By Dale King
Evita, the rock opera conceived by composer Andrew Lloyd Webber and lyricist Tim Rice at the height of their musical collaboration, has been packaged, repackaged and committed to celluloid since it was released as a concept record album 40 years ago and hit the stage in London two years later.
Director Michael Leeds and choreographer Kevin Black return to the Margate venue for the third time this season to oversee a gracious and moving production of the Webber-Rice musical memoir, one filled with the grandeur and pathos so typical of Eva Peron’s life.
The five lead actors are stellar choices, not only for their stage and vocal skills, but for demeanor. Rick Hvizdak and Jenna Pastuszek seem larger than life as Argentine President Juan Peron and his second wife, Eva (known by the Spanish diminutive, Evita). To the downtrodden denizens of Buenos Aires and its environs, she was as close to royalty as they could get.
“Kevin and I were attracted to this story of a woman who journeys from being an illegitimate, poverty-stricken child in the pampas of Argentina to becoming the most powerful woman in the world at age 26,” said Leeds, a Broadway-trained veteran director.
The lead actors include Trevor Whittaker, an Australian well-schooled in the ways of music and theater. He portrays Ché, the narrator and revolutionary voice who often acts as a foil to Evita throughout the show. Kasey Yeargain is excellent as the easily influenced tango singer Agustin Magaldi, and Idalmy Carcache portrays Juan Perón’s mistress, perhaps best known for getting booted off the premises by Evita. The mistress ponders her fate in the hauntingly sad, “Another Suitcase in Another Hall.”
Evita is known for its excellent score, which includes the Latin-inspired “Buenos Aires,” “I’d Be Surprisingly Good for You” and “Don’t Cry for Me, Argentina,” sung twice in very different circumstances.
An ensemble of fine performers backs up the main players. Some familiar, talented folks can be found among the background performers, including Elijah Word, a tall, imposing gentleman with a voice that soars, and Victoria Lauzun, who did such a great job portraying Edith Piaf in the show about the famed French singer.
Evita opens in Buenos Aires, where an audience is watching a film (“A Cinema in Buenos Aires, 26 July 1952”). An announcer interrupts with the message (begun in Spanish, but fading into English) that “Eva Perón entered immortality at 20:25 hours this evening…”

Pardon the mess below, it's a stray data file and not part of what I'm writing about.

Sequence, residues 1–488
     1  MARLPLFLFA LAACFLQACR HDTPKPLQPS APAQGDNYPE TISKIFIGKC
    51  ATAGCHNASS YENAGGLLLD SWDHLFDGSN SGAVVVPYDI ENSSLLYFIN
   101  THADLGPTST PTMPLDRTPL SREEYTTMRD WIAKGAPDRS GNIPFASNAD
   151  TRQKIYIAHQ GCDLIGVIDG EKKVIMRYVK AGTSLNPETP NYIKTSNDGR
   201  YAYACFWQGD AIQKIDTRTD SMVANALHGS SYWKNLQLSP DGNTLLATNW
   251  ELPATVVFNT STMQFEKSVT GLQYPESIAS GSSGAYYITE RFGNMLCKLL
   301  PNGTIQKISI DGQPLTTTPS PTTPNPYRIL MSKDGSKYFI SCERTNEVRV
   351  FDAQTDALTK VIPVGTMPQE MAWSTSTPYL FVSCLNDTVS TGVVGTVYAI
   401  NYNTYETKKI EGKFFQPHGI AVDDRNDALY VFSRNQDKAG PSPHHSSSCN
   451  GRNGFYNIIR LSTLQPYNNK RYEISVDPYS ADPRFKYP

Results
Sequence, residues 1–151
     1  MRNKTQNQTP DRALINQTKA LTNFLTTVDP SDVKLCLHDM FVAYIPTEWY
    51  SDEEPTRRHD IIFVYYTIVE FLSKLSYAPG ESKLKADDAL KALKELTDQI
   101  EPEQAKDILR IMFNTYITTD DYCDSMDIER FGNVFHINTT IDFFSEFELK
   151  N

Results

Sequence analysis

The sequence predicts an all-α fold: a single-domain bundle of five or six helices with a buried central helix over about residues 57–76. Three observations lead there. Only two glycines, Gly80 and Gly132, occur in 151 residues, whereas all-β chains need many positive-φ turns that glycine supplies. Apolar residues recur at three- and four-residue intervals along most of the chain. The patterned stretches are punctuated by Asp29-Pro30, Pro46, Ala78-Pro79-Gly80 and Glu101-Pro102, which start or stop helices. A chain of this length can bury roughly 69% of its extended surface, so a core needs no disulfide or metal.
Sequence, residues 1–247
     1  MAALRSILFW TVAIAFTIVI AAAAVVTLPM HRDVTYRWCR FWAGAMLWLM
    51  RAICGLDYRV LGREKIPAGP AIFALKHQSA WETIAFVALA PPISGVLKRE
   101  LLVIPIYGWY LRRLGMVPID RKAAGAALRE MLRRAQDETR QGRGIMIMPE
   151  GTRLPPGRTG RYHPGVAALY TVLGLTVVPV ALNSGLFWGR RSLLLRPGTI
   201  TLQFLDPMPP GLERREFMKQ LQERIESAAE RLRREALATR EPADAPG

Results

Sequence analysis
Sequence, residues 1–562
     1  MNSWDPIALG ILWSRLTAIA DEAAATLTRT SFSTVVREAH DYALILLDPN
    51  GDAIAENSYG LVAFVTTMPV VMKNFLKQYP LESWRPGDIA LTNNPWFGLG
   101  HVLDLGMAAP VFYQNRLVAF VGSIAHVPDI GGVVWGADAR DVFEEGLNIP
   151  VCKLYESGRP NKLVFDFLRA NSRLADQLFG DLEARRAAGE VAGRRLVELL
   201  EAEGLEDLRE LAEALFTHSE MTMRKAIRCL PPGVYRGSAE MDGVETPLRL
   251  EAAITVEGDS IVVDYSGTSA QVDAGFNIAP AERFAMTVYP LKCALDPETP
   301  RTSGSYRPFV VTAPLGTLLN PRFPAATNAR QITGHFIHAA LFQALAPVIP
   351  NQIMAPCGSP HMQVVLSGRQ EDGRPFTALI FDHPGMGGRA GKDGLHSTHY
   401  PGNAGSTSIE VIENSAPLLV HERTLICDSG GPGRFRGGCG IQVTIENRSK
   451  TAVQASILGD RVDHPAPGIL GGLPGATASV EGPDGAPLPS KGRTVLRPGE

The heartbroken audience sings “Requiem for Evita” (in Latin, which is modeled after a Catholic requiem). Ché sarcastically assesses the hysterical grief that gripped Argentina when Evita died (“Oh, What a Circus”).
The action flashes back to when 15-year-old Eva, in 1934, has her first love affair with Magaldi after she meets him at one of his shows (“On This Night of a Thousand Stars”). Eva blackmails him into taking her with him to Buenos Aires. Though initially resistant, he eventually surrenders (“Eva, Beware of the City”).
Thus begins her climb to fame. She meets and weds Juan Perón. He is elected president and, together, they move ahead. Act I ends with the gripping, march-style song, “A New Argentina,” with Eva assuring Juan that the people support him and hope for a better future with this new regime.
Act II tells of Eva’s collapse. She becomes ill on her “Rainbow Tour” of the world. As criticism of her spending and extravagance continues (“The Chorus Girl Hasn’t Learned,” “And the Money Kept Rolling In”), she becomes sicker. Eventually, she makes “Eva’s Final Broadcast,” a sadder, difficult version of “Don’t Cry for Me, Argentina” before she slips away, dying of cancer at age 33.
“Because the tango is such an integral element, Kevin and I have set the entire show in a tango bar,” said Leeds. The scenery is extraordinary, and can be moved around to accommodate scene changes. Much credit to Stage Door Scenic for construction and to Jerry Sturdefant and Larry Baumann for costumes.
New Yorker Pastuszek has a stance that’s stately and a voice that fits the Webber tunes nicely. She sings sweetly, with hints of Sarah Brightman tones.
She and Hvizdak, who just completed a run in Promises, Promises and appeared as the Professor in South Pacific at the Wick, stands and speaks commandingly, with authority, in this show.
Whittaker came over from Great Britain to take the role as Ché. He has performed in other Webber shows and studied voice and guitar in Australia. He plays guitar on a couple of the songs in Evita, and has an excellent visual presence and voice that crackles with revolutionary fervor.
Yeargain has a background in musical theater and opera, but shows only a bit of that talent in this show as the tango singer who is quickly and easily duped by the young Evita.
Carcache has a small, but powerful role as Perón’s outgoing mistress, which shows her abilities and stage presence. She comes back out as part of the ensemble.
Fallon D’Eliseo and Gerardo Pelati are expert dancers, appearing several times as the tango couple. Caryl Fantel, the show’s musical director, keeps the tunes flowing seamlessly.
Evita concludes with shows Saturday and Sunday at 2 p.m. at the Stage Door Theatre, 8036 West Sample Road, Margate. Tickets are available by calling 954-344-7765 or visiting www.stagedoortheatre.com.